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Special to CNN
This week, four senior retired officers wrote an op-ed in The Washington Post predicting "grave harm" to the military if President Obama moves forward with his vow to let gays serve openly.
"Our experience," they wrote, "and that of more than 1,000 retired flag and general officers," suggest that lifting the ban would harm unit cohesion, recruitment and retention, and would ultimately "break the All-Volunteer Force."
The argument is an old one, and was an effective canard in defeating President Clinton's move to lift the ban in 1993. But it has never been rooted in fact or evidence, and the effort of these officers to defeat equal treatment this time around will face mountains of opposing data and a dramatically changed cultural landscape.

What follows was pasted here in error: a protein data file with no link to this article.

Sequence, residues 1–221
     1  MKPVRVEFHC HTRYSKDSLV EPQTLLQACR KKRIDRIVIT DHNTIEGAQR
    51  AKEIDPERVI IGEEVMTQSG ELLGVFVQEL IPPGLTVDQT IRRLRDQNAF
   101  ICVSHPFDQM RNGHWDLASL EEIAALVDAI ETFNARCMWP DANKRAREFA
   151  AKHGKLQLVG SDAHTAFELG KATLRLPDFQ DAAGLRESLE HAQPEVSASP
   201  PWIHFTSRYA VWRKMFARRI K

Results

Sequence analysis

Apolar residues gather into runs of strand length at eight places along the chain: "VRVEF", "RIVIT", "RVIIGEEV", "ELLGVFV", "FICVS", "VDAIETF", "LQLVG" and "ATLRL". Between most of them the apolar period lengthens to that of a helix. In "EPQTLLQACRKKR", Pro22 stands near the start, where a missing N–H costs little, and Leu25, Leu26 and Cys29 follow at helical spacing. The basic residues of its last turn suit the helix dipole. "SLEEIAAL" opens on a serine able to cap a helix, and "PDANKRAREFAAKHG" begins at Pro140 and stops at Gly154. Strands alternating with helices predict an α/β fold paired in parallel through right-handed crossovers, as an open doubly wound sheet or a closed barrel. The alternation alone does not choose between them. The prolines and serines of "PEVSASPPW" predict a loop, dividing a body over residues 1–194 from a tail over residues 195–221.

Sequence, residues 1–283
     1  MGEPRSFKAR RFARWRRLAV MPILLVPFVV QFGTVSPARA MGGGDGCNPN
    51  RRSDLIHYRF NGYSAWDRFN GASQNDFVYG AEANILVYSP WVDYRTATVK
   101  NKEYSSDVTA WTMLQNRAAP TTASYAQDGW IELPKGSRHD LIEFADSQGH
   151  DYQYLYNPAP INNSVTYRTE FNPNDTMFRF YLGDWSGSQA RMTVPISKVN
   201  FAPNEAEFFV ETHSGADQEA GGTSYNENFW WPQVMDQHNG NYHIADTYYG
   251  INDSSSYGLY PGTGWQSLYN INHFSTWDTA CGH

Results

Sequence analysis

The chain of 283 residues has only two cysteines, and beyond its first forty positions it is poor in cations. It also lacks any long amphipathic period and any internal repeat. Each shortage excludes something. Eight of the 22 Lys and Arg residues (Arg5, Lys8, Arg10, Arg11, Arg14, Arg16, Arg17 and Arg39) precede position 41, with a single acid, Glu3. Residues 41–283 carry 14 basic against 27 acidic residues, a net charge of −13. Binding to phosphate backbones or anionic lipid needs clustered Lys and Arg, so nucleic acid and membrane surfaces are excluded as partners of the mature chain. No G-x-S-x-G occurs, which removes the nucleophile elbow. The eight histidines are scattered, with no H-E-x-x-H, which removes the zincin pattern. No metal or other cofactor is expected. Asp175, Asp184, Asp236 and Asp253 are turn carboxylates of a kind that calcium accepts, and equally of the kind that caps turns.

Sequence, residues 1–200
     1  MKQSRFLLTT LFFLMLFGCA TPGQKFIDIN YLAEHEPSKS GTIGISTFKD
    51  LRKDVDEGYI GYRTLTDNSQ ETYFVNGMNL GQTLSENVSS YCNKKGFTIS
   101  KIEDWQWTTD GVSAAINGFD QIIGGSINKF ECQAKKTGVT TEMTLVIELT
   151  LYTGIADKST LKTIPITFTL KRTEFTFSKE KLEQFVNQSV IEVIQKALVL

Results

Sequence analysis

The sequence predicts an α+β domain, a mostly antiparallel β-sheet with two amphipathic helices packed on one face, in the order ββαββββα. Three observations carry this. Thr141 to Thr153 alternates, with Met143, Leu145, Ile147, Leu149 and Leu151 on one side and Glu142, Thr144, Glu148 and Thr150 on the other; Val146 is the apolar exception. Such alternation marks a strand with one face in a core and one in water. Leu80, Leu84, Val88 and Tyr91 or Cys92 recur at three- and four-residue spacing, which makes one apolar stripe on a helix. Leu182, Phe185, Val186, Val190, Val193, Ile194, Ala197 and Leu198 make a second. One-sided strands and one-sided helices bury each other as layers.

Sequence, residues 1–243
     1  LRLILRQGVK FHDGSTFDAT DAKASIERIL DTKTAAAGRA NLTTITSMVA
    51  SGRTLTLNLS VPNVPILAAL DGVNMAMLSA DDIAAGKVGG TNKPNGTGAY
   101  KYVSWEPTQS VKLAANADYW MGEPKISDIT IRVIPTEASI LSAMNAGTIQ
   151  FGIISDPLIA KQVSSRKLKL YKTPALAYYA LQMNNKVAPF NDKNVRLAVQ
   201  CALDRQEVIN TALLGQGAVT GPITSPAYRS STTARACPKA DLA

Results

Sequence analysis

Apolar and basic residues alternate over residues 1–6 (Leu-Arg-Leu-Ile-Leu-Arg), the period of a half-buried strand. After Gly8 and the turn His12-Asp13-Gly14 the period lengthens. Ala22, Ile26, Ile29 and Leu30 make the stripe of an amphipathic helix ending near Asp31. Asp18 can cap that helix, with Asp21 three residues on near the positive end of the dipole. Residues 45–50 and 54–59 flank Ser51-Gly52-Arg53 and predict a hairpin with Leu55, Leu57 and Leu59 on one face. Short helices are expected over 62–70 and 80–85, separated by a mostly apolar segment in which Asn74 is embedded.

The officers who oppose openly gay service do not base their arguments on any new information. In addition to their own experience - an impressive credential that's nevertheless too vague to hang an argument on - the officers rely on a single poll.
They cite an unscientific survey - it does not draw from a representative sampling but from newspaper subscribers - indicating that 58 percent of the military oppose lifting the ban and that, if it's lifted, 24 percent claim they will leave or consider leaving after their tour ends.
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